Locally pre-tested semi-structured interview guides were used for interviews with key-informants and for focus group discussions (additional files 1 and 2). The UCG were used as background for the inquiries and structure from delivery through the neonatal period. The UCG guidelines involve hourly monitoring of the mother’s vital measurements, including the use of partograms and curves [2, 19]. Detailed description of newborn procedures such as delayed cord clamping, suction, kangaroo care and early initiation of breastfeeding are included, thus our interview guide focused on these stages connected to birth: Monitoring of labour using partograms gives a better indication of labour progress for easy recognition of early complications [19, 20]. Delayed cord clamping (DCC) refers to clamping later than 60 s after birth or when cord pulsation has ceased, contrary to early cord clamping (ECC) which take place within 1 minute after birth [21, 22]. Suction of newborns is a method used to clear secretions from the oropharynx and nasopharynx through the application of negative pressure via a suction catheter or bulb syringe, and is not recommended for uncomplicated births . Skin-to-skin care, also called kangaroo mother care, is when the newborn is placed on the mother’s bare abdomen or chest and should last for at least 1 hour or until after the first breastfeed . Early initiation of breastfeeding meaning initiation within the first hour after birth. The UCG has implemented training and dissemination in the current UCG procedures regarding these issues, which when followed have been documented to reduce the risk of neonatal deaths and are therefore some of the most important focus areas for lowering the death rates of newborns [25, 26].
The analysis was performed using the inductive method developed by Malterud called Systematic Text Condensation (STC), modified from Giorgi’s psychological phenomenological analysis. The method of STC appealed to the researcher with its’ inductive approach where the themes from the findings reveal themselves to the researcher following a step-by-step process which involves reflections and alternations before reaching the final presentation . The transcribed text and observation notes were read in-depth several times to find emerging themes that revealed themselves to the researcher during the reading process. The documents were copied into the NVIVO 12 pro software program for better structuring of the analysis and the emerging themes were sorted into code-groups. Further decontextualization consisted in extracting another level of sub-code groups from the code-groups, to create a systematic overview including facilitators and barriers for adherence to the UCG. These structures were used as bases for condensed narratives of the findings, with a “golden quote” to validate the narrative. In this study the principal investigator was a female nurse (MBRL) from Norway who had previously lived short term in Uganda. She was doing the primary data collection, coding and analysis of the data. IMSE was co-reading the raw-data and discussed the main themes with the first author. RM contributed with co-development of the interview guides, acquisition of data and discussions of main themes with the first author.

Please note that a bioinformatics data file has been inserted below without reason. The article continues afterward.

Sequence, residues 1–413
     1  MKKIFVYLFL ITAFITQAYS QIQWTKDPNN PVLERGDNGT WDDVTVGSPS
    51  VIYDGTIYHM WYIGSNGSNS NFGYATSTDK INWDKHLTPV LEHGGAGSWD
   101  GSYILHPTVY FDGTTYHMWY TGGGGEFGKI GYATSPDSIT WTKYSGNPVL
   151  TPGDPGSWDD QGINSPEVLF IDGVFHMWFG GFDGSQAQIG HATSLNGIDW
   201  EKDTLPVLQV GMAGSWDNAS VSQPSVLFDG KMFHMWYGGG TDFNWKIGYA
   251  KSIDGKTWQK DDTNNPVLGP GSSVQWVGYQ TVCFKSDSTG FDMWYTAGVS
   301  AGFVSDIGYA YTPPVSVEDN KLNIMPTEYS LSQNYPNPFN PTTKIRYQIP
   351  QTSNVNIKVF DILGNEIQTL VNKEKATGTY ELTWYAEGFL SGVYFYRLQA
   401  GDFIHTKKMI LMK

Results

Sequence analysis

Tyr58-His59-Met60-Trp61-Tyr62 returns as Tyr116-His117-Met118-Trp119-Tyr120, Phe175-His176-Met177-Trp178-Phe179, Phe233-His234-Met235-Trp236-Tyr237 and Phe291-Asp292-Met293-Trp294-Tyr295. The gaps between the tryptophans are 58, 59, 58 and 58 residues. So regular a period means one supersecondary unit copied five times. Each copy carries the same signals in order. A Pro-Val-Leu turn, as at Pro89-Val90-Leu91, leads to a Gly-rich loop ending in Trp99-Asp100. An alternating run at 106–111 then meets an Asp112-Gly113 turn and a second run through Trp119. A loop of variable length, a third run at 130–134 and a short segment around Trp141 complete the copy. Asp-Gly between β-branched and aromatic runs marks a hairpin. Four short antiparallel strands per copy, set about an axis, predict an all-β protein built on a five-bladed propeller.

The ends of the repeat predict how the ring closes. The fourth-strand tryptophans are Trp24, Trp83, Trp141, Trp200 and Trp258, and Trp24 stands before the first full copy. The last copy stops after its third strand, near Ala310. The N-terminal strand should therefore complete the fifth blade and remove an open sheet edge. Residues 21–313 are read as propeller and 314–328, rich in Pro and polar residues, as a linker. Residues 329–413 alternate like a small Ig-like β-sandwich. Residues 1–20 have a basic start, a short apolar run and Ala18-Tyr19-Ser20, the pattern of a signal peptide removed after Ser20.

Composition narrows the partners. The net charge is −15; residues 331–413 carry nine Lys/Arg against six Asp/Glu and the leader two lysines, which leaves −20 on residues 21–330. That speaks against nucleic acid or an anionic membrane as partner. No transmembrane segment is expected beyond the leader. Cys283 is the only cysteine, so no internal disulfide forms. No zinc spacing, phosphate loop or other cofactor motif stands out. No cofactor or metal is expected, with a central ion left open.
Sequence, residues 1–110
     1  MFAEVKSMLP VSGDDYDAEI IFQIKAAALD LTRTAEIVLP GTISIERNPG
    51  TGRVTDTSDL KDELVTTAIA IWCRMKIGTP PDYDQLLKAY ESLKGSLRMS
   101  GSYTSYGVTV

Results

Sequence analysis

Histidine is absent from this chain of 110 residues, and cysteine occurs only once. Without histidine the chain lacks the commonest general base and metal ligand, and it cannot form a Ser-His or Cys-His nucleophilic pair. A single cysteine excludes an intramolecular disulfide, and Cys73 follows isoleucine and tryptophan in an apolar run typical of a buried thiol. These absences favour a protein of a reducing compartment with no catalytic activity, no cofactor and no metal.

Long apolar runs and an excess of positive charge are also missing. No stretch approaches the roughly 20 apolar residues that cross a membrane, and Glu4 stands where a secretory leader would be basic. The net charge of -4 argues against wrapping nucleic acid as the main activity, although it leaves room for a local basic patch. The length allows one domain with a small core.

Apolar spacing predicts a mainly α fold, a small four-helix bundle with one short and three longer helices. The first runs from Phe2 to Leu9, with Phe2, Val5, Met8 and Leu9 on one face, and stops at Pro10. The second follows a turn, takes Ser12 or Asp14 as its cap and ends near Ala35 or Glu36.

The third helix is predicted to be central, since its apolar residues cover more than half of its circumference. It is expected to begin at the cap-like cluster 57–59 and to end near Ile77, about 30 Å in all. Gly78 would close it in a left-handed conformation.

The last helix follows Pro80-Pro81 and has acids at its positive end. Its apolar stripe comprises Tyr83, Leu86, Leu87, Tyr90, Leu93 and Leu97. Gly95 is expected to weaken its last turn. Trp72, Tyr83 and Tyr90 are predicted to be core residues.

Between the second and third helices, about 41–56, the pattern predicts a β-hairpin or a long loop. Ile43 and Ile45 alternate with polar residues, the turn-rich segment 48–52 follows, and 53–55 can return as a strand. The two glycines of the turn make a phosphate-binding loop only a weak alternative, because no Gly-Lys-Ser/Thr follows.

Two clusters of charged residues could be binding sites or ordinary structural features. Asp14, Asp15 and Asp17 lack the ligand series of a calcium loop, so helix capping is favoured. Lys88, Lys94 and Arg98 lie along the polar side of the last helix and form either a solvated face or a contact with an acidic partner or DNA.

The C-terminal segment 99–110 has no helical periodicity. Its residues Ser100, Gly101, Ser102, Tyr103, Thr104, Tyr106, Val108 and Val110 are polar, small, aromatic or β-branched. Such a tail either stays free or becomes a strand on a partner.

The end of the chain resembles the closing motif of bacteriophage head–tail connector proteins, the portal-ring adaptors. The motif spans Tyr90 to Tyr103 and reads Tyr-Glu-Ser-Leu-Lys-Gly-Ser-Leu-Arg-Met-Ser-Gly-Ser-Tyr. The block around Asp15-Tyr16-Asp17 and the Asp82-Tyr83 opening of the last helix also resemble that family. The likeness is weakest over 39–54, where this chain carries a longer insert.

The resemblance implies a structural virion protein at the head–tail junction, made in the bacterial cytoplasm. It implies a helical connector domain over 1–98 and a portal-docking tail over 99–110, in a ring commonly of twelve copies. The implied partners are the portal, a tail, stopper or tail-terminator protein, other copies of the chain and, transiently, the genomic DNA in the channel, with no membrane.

After analysis, the respondents were invited for a dissemination meeting followed by a traditional celebration. The researchers disseminated the key findings and their interpretation of the data and asked the participants openly about any needs for modification of their understanding. The participants were invited to comment, modify and ask questions about the findings. The participants did not know the status of the other participants as informants and all informants were informed about this planned dissemination meeting at inclusion.
Participation in the study was fully voluntary. Each participant in the focus group discussions was given a number for recognition and was asked not to share private information gained during the sessions outside the group. Before the interviews and focus group discussions participants were offered snacks and refreshments. They were also reimbursed for transportation costs up to 15,000 UGX (equals to 4 USD). No extra money was given for participation, but the mothers attending focus group discussions received a piece of locally made baby clothing after the session.
The following section will display results extracted from the final code group labelled Pregnancy and Birth, which emerged during the analysis using Malterud’s Systematic Text Condensation where facilitators and barriers in adherence to guidelines were focalized . Based on the predominate responses from participants and main observation findings, the study found discrepancies between the UCG and performed hands-on-procedures related to neonatal care practices. Key findings disclosed infrequent and rare usage of partograms for monitoring of deliveries, deviant or uncertain timing for cord clamping and routine suction of newborns performed against recommendations by professional health workers, whereas TBAs operated in consistency with UCG. On the use of skin-to-skin care, the routines varied, and although the practice was customarily initiated, it seldom lasted for the recommended time span. Initiation of breastfeeding within the first hour after birth was routine, unless complications occurred, in which cases the mother and baby could be found separated from each other for up to 3 days. The results are thematically presented in the table below (Table 2).